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Related Reading: Supporting Decisions in Clinical Development
Health technology assessment (HTA) is a field of analysis that evaluates the medical, social, ethical, and economic implications of development, diffusion, and use of health technology. The aim of HTA is to aid decision-making by providing information about the likely outcomes associated with different courses of action, and it’s increasingly used to aid decisions regarding resource allocation with respect to new technologies. HTA comprises three core activities:
In addition to aiding decisions regarding resource allocation, HTA can aid decision-making during the clinical development process. The value of any clinical development process is a function of the likelihood that it will affect change (e.g. the adoption of new technology) and the perceived value of that chance. HTA activities can an aid decisions regarding investment, RCT design, and the need to conduct ancillary, non-experimental studies to confirm the value of new technologies. HTA aids these decisions by improving estimates of the value of candidate research programs.
However, failure rates are high during clinical development, and there may be a reluctance to invest in additional activities outside the core RCT program given the risk that an individual product may not make it to market and generate revenue. This can lead to HTA activities only being commissioned late in the clinical development process. However, this means that the results of HTA activities are not available when decisions need to be made during the clinical development process.
The concept of Net Present Value (NPV) is useful when evaluating potential HTA activities during different stages of the clinical development process. The NPV of a project is the sum of the present values of the incoming and outgoing cash flows associated with a project. If we consider early HTA activities, the outgoing cash flows are the costs of the proposed activities. There will be little discounting of these as they are incurred now and in the near future. The incoming cash flows are the difference in expected profits from the new technology if we conduct and do not conduct the proposed HTA activities. These will be heavily discounted as they both occur in the future, are subject to time discounting and are inherently uncertain. The earlier in the clinical development process HTA activities are undertaken, the greater the discount.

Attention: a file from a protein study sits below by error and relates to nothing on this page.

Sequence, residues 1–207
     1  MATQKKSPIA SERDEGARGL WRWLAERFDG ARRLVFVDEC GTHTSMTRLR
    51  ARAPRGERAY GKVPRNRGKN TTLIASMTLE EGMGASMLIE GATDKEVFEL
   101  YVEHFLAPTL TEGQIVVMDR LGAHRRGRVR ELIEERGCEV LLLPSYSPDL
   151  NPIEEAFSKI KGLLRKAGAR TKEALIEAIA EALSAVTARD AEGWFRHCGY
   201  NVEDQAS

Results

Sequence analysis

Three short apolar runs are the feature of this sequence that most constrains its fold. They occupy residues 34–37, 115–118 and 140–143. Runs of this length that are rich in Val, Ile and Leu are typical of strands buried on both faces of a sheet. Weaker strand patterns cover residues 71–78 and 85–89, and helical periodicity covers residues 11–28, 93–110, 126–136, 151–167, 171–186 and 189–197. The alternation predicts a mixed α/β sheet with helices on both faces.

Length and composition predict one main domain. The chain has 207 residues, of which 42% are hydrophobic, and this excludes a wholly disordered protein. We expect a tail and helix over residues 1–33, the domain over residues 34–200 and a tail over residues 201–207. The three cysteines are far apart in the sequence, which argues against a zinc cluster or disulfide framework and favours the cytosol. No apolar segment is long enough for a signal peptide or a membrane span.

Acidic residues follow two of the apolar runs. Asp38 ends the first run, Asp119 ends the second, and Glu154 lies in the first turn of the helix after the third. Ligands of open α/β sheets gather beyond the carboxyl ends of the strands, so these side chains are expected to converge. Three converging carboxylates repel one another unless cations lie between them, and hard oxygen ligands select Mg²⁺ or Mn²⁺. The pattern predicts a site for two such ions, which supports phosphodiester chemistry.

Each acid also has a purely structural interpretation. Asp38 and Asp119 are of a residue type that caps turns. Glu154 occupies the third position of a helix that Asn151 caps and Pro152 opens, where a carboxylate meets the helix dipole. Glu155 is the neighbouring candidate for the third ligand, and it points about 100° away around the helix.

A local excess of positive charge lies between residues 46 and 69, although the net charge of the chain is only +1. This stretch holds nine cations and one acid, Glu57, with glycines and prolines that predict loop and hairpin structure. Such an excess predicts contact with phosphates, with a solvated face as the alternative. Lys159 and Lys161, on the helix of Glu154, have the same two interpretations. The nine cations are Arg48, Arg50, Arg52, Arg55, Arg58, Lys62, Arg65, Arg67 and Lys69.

This suggests that HTA activities should be left as late as possible. There is however one important constraint; the HTA activities must be completed before the decisions they are intended to inform. If we wish to use the results of HTA activities to inform trial design decisions, they must be completed early in the clinical development process. If the HTA is being used to inform decisions regarding the need for ancillary studies to support reimbursement, HTA activities must be completed in sufficient time to allow such studies to be commissioned and completed.
Overall, early HTA activities need to be fit for purpose, and no more. If they are 'over-engineered', they are likely to be judged not cost-effective and their potential value will be lost.
-Neil Hawkins | Vice President, Health Economics, ICON Commercialization & Outcomes